Motor vehicle collisions – including those involving pedestrians and bicyclists – often result in soft tissue trauma that can dramatically impact many facets of the victim’s life. From chronic pain that could affect sleeping patterns to cognitive impairment that could affect job performance, it is crucial that those injured in a collision seek immediate medical treatment.
While the term whiplash simply refers to the rapid acceleration-deceleration motion of the impact, the phrase Whiplash Associated Disorders (WAD) refers to the injuries themselves. Based on numerous factors, the WAD can fall into four categories, including:
- Grade 1: After a collision, the victim might experience neck pain, stiffness and tenderness to the touch. There is no direct physical damage, though, and the pain is resolved through treatment and the natural healing process.
- Grade 2: The victim experiences pain and stiffness in the neck and muscles of the upper back. In this case, though, a medical exam reveals various musculoskeletal signs of damage. This damage can include a decreased range of motion as well as point tenderness.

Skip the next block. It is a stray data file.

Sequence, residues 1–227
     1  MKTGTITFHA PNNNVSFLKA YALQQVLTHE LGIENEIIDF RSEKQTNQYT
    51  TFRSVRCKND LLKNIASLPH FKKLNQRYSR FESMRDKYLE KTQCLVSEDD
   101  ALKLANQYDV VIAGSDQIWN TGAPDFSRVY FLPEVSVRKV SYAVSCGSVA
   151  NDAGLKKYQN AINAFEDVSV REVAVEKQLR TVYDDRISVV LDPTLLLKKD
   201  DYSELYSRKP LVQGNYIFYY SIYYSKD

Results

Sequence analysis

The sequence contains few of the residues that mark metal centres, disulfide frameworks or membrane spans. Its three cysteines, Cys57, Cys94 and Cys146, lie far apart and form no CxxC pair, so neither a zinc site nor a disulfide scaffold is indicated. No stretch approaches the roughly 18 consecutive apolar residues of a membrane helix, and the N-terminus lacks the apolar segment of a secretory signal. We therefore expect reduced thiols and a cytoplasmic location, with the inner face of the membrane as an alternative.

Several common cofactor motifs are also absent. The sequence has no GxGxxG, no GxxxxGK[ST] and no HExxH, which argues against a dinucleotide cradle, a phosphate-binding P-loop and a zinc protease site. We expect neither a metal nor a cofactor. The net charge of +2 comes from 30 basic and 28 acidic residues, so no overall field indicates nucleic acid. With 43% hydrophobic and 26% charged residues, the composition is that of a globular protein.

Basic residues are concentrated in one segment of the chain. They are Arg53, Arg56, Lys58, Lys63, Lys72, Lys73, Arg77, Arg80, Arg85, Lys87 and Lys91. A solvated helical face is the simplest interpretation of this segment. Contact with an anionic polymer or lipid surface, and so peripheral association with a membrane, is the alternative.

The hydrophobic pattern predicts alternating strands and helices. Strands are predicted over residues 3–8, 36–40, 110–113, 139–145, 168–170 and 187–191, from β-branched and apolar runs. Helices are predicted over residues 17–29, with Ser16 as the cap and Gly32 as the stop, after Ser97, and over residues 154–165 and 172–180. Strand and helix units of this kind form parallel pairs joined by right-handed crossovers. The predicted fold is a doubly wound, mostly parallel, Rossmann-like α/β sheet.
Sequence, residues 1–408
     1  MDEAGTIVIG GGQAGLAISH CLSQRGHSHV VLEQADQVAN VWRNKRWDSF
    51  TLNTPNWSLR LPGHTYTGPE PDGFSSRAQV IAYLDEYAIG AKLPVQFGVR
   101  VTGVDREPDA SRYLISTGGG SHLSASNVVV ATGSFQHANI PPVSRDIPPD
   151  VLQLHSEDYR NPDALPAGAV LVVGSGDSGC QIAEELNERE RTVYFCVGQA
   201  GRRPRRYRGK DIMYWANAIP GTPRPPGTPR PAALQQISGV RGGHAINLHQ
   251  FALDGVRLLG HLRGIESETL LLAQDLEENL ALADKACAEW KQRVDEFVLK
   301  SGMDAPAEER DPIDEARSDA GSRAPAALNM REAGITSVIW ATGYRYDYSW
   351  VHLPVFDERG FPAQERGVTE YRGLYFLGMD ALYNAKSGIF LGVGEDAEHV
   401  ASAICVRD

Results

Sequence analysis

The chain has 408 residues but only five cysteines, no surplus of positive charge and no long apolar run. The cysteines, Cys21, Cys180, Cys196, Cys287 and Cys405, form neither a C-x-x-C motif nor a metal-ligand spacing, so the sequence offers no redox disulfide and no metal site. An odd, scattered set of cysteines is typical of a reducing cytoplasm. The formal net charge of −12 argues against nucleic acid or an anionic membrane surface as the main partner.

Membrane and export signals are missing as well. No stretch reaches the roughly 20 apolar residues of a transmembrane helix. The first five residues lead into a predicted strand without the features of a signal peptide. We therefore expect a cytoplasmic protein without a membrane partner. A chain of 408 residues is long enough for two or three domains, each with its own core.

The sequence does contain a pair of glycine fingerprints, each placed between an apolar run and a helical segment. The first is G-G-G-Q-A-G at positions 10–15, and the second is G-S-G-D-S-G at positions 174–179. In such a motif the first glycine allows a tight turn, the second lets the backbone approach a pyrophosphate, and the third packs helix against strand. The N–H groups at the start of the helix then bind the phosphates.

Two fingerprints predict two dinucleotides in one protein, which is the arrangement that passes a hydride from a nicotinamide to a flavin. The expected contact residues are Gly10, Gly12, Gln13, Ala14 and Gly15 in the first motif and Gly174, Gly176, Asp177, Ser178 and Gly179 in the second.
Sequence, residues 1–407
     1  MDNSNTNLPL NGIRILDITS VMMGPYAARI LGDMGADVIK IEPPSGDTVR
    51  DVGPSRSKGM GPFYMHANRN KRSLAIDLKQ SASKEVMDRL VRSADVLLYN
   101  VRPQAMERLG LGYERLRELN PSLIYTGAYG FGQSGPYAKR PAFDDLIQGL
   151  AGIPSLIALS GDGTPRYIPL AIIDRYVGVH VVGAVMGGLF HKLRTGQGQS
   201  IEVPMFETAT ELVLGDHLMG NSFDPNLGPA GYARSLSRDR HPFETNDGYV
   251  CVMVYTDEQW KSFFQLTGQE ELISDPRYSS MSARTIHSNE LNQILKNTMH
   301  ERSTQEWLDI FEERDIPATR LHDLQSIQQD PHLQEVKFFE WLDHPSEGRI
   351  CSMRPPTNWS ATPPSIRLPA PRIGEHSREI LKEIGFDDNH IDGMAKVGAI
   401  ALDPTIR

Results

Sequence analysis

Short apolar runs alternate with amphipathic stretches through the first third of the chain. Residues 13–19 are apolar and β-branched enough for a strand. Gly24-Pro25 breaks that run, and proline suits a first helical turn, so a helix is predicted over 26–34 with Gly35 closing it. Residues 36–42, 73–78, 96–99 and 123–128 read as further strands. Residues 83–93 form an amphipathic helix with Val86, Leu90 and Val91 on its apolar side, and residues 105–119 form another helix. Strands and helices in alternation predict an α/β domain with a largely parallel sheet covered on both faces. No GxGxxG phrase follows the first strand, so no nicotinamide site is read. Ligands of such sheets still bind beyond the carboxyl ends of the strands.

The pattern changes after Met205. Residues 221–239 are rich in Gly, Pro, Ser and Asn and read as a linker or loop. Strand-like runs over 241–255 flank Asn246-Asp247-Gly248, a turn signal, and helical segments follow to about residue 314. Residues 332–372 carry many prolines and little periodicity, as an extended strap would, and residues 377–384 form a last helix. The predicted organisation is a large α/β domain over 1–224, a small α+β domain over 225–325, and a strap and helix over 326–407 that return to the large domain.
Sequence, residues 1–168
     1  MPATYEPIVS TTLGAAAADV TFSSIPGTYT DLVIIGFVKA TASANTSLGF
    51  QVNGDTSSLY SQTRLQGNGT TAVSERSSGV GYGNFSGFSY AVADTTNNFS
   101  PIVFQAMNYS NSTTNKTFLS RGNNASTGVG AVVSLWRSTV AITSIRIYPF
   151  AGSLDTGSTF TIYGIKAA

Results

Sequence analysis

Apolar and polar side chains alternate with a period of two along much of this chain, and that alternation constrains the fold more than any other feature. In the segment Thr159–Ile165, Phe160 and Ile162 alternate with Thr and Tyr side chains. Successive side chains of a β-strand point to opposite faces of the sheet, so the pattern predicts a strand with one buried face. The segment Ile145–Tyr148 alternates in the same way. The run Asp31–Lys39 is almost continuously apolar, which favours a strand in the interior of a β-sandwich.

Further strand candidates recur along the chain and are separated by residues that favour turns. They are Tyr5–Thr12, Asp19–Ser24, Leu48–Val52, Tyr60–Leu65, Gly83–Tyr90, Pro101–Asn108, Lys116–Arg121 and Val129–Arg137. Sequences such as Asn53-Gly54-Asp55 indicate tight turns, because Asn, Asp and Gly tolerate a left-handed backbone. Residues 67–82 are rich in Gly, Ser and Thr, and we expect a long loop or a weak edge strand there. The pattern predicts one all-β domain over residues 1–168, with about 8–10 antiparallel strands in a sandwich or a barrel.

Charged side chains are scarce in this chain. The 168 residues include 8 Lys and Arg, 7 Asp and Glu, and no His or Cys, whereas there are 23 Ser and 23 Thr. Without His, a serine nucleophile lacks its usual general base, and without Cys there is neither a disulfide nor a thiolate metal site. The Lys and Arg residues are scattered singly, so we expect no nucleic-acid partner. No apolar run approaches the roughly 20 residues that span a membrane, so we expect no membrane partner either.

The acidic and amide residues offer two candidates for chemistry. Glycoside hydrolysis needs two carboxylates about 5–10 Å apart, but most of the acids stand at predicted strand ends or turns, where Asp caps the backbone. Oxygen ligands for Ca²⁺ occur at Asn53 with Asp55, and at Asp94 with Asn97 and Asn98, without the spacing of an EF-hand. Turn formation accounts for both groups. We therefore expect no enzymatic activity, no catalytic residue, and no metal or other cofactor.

- Grade 3: In addition to musculoskeletal signs of WAD, the patient could also exhibit neurologic signs. These signs can include sensory impairment, muscle weakness and decreased deep tendon reflexes.
- Grade 4: Not only does the victim experience musculoskeletal and neurologic signs of damage, medical professionals might also detect a cervical fracture.
People often discount the severity of whiplash injuries due to their treatment in popular entertainment. Unfortunately, victims can struggle with numerous types of impairment and cognitive challenges for months or years after a violent motor vehicle collision. It is wise to seek a comprehensive medical exam no matter the type of collision.